March 24th, 2022

By Benjamin Katzeff Silberstein

Numbers for China-North Korea trade are out from Chinese customs for the first two months after railroad traffic resumed in January. Overall, the data looks like what one would expect. Trade has skyrocketed by a factor of almost 41, from $3.27 million in January and February last year, to $136.5 million in the same period this year. The real figure is probably somewhat larger. The majority, $116.3 million, is constituted by North Korean imports from China, which goes a long way in explaining the exchange rate hike on North Korean markets that I wrote about yesterday here.

Despite the drastic increase, the numbers are about half of what they were pre-covid. That shouldn’t itself be surprising, since many trade connections have likely faltered during the long closure. Moreover, North Korean authorities seem determined to reconstitute the way they regulate trading rights and access.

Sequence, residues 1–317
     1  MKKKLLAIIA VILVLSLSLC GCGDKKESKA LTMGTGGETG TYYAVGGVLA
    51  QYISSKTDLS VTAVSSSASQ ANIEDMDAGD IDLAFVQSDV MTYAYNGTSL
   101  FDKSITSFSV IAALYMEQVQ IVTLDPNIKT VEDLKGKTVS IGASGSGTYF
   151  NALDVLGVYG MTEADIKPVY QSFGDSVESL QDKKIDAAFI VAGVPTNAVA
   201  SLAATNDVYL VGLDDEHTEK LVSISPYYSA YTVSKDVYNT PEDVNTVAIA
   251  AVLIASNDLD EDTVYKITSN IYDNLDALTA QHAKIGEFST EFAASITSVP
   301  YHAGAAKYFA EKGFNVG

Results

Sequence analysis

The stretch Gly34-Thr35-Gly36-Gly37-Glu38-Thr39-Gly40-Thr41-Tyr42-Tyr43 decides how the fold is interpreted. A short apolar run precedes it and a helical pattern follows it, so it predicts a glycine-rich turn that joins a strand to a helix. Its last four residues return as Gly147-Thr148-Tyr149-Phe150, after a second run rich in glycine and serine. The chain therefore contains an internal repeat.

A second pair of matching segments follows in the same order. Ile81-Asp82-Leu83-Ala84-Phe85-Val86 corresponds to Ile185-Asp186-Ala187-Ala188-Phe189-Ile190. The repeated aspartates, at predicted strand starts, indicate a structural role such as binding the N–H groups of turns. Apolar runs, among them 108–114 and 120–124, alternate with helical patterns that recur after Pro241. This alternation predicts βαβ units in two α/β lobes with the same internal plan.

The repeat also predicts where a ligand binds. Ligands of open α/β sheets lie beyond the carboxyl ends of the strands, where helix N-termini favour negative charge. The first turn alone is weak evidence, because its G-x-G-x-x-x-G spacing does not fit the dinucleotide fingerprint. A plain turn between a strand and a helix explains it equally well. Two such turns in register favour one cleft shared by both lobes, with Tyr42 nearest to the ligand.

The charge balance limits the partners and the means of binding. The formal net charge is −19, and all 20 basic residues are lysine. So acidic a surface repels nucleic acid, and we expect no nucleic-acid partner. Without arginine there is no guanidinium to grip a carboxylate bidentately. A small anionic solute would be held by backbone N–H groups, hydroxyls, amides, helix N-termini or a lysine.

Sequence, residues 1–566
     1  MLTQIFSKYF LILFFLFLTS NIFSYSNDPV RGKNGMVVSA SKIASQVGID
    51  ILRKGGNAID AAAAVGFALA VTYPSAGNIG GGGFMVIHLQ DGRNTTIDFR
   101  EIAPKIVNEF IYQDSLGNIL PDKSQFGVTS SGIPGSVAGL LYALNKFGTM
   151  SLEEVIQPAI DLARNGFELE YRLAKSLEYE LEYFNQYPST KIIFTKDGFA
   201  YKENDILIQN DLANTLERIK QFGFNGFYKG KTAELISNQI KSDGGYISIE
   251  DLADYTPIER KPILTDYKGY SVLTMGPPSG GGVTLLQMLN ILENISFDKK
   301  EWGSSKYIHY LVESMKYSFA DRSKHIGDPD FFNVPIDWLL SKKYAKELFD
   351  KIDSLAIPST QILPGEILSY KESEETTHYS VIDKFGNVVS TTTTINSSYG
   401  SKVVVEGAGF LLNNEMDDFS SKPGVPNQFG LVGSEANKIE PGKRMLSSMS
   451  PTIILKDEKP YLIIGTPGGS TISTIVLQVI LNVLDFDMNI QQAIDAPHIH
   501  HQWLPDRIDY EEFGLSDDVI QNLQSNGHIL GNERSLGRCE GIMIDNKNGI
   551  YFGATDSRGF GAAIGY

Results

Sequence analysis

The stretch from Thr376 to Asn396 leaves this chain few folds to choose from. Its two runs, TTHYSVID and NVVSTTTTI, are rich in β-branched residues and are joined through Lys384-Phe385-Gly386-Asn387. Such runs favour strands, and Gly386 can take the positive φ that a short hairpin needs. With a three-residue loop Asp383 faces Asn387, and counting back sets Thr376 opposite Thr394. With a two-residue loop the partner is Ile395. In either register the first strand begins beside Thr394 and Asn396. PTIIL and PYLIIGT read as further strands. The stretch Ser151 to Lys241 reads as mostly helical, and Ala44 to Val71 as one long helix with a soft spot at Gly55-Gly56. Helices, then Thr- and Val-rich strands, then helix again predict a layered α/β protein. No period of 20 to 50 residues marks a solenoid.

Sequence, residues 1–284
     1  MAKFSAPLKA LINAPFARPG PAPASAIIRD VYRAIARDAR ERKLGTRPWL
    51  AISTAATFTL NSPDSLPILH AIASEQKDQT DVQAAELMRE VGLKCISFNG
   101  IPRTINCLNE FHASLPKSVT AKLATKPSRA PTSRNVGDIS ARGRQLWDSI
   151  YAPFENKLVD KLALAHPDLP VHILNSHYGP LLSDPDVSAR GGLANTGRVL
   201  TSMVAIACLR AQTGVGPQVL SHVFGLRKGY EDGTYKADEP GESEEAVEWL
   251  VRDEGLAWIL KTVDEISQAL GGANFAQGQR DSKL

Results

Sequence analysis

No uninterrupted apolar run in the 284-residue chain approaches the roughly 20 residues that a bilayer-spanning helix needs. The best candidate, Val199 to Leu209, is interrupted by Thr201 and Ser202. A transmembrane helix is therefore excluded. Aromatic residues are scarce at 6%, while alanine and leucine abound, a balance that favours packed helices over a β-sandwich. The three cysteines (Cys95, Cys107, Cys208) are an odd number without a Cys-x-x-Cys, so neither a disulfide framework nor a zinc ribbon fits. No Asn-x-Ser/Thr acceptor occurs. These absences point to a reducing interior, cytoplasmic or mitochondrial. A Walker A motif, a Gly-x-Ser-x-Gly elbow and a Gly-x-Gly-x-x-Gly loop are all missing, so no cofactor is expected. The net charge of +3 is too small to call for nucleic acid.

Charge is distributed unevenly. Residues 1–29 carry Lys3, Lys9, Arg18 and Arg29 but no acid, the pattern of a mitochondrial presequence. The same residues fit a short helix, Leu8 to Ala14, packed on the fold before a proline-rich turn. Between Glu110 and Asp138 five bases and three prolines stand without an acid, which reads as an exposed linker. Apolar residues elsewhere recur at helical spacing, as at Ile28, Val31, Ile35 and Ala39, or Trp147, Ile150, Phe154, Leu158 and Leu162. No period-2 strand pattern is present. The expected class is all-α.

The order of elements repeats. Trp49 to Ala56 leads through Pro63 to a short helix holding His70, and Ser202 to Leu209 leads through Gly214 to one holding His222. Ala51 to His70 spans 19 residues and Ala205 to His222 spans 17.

Numbers source: Joongang Daily, here.

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Oil and fuel supply shortages on North Korean markets?

March 23rd, 2022

By Benjamin Katzeff Silberstein

It’s been a couple of months since railroad traffic opened again between China and North Korea. Although it isn’t very much time to fully evaluate such a drastic change, we can see some interesting price movements on the country’s markets. (Click to see the full graph.)

Average of market prices for rice, gas, diesel, USD and RMB in three North Korean cities. Graph by NK Econ Watch. Data source: Daily NK.